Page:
It’s important that any evidence be “air-tight,” a senior US official later echoed in a press call.

The White House said it was consulting closely with allies, particularly the UK and France, in considering possible next steps. Vice President Joe Biden was also meeting with Jordan’s King Abdullah on Thursday. Hagel announced last week that the US was sending an additional 200 US troops there.

Earlier Thursday, a French official said the French government did not have conclusive evidence of the use of chemical weapons in Syria, but had strong concerns, and was also pressing for a broader UN probe.

“France does not have proof of the use of chemical weapons at this stage, but France is actively investigating with its partners,” the French official, speaking not for attribution, told journalists. Continue reading

Obama AfPak advisor may help unwind the war from NATO

Douglas Lute, who has served for the past eight years as both the Bush and Obama White House Afpak ‘war czar,” looks set to get a plum assignment helping guide the wind-down of the US-led war in Afghanistan: US Ambassador to NATO.

Two US officials say Lute, a retired Army Ltn. General, is likely to be tapped for the Brussels job, succeeding Ivo Daalder, who previously announced he will step down this summer to head the Chicago Council on World Affairs.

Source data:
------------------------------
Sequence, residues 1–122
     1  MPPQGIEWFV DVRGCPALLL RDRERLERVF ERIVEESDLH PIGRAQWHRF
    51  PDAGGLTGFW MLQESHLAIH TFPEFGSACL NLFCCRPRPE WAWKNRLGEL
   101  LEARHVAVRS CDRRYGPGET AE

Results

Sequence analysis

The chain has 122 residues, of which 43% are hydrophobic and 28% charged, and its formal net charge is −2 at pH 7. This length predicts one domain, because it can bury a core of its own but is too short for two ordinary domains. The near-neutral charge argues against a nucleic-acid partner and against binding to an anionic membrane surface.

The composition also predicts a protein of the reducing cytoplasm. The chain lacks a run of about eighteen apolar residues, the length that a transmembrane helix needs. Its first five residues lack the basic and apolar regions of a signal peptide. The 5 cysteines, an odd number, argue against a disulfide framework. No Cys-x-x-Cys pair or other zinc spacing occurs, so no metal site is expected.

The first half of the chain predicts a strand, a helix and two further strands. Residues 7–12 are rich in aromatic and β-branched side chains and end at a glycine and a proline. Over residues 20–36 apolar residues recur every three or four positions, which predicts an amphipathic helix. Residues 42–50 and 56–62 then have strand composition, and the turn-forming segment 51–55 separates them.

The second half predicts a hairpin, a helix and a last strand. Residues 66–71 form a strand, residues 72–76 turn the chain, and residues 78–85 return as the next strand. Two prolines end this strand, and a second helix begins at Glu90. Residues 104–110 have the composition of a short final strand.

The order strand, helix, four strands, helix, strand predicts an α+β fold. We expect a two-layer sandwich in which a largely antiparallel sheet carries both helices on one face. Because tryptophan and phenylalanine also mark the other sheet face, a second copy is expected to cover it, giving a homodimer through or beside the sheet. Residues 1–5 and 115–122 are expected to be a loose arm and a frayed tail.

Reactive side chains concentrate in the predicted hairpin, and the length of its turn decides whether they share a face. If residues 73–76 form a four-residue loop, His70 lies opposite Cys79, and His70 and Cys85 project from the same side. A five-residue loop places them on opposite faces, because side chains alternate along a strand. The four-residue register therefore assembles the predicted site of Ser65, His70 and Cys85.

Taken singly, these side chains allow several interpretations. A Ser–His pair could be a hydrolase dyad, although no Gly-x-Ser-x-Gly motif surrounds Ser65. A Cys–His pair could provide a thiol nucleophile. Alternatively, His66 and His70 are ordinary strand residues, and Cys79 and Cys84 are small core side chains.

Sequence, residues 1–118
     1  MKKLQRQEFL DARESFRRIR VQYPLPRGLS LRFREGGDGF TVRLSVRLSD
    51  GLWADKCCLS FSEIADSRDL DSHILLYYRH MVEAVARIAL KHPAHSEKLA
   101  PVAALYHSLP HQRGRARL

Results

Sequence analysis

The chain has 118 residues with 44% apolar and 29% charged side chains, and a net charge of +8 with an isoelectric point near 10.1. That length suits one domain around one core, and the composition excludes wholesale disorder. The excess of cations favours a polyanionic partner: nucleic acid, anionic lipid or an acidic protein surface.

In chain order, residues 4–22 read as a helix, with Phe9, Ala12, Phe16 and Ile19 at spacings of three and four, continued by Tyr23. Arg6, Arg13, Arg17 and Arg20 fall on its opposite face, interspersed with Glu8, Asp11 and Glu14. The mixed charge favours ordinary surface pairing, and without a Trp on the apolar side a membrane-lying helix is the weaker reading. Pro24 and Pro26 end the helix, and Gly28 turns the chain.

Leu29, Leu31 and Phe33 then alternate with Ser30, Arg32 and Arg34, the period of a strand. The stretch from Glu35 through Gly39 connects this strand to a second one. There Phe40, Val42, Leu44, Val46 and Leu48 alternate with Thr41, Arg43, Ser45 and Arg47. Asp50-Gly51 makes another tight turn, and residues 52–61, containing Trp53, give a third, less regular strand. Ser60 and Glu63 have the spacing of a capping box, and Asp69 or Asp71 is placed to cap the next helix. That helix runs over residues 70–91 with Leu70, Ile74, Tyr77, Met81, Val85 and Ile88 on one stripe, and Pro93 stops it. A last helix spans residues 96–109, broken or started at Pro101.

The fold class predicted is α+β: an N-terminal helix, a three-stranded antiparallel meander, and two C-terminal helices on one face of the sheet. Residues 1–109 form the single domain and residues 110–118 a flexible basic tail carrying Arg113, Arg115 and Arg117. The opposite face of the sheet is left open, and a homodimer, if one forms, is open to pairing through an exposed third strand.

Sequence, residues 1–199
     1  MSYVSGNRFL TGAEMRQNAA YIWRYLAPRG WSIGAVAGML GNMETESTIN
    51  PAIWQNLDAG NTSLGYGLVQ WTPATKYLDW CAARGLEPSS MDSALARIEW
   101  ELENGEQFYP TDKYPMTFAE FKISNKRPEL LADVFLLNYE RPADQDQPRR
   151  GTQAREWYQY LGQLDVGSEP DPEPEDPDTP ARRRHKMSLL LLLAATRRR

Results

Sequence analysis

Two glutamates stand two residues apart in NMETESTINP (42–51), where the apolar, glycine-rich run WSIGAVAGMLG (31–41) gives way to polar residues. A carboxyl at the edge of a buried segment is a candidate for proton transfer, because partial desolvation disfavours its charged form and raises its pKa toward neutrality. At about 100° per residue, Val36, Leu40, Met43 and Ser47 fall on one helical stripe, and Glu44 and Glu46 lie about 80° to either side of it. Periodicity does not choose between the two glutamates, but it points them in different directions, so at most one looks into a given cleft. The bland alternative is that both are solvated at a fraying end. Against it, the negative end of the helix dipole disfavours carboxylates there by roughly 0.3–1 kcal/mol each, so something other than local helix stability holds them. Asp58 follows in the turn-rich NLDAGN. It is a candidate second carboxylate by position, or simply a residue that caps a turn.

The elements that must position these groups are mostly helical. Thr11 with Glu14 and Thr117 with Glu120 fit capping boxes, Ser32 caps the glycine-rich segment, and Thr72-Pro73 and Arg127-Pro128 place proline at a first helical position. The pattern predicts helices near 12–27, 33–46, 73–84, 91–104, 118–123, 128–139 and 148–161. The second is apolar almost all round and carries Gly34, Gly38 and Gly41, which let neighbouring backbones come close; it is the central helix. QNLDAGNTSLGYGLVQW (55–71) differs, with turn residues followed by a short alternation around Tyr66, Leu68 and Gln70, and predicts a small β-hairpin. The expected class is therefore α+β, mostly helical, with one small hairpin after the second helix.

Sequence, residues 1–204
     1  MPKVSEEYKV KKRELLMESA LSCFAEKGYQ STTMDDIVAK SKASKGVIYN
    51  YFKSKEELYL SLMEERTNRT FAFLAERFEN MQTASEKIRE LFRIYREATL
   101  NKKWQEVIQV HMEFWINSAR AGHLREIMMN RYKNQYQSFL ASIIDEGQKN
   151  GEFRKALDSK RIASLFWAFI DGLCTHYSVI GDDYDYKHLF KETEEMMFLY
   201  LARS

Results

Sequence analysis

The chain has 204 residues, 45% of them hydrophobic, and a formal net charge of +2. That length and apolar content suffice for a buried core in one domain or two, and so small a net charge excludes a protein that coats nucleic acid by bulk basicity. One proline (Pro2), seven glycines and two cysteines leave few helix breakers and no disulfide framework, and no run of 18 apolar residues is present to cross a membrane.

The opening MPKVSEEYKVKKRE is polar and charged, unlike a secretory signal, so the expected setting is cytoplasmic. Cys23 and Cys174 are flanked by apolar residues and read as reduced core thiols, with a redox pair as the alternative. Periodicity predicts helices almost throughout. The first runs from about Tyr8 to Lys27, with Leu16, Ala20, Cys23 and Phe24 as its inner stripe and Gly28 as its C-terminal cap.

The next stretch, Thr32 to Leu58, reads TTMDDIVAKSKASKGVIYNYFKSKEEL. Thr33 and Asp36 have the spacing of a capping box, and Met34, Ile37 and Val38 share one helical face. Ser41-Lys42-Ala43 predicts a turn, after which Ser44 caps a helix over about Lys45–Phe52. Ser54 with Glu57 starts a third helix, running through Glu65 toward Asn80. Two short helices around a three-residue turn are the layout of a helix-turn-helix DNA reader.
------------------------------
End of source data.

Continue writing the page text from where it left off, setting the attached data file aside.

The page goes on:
(The Back Channel reported Tuesday that Lute may be up for Special Envoy to AfPak (SRAP), but we appear to have been off. Brussels-based reporter Teri Schulz first alerted us on Twitter that word is Lute may be headed there.)

One US official said Wednesday that Lute, asked about the NATO job, at some point wasn’t certain if his family could relocate abroad. But Lute’s spouse, Deputy Homeland Security Secretary Jane Holl Lute, announced earlier this month she is stepping down.

Lute didn’t respond to a query from the Back Channel. A NSC spokeswoman declined to comment: “No personnel announcements for you.”

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Yemeni’s testimony on US drones strikes chord in Washington


Last week, Farea al-Muslimi, a US educated Yemeni youth activist and writer, wrote about what it was like to have his village attacked by US drones, on his Twitter account @almuslimi and at Al-Monitor.

Today, after al-Muslimi’s powerful testimony before a Senate subcommittee Tuesday about the experience, the White House invited al-Muslimi to talk with them too, Wired’s Spencer Ackerman reports:

Before he leaves Washington D.C. on Friday, al-Muslimi will meet with White House officials to tell them what he told a Senate subcommittee yesterday: CIA and military drone strikes are strengthening al-Qaida’s Yemeni affiliate and making average Yemenis hate America.

“He will meet with a working-level expert on Yemen policy,” a White House official confirms, declining to provide the name of the official or the time of the meeting. […]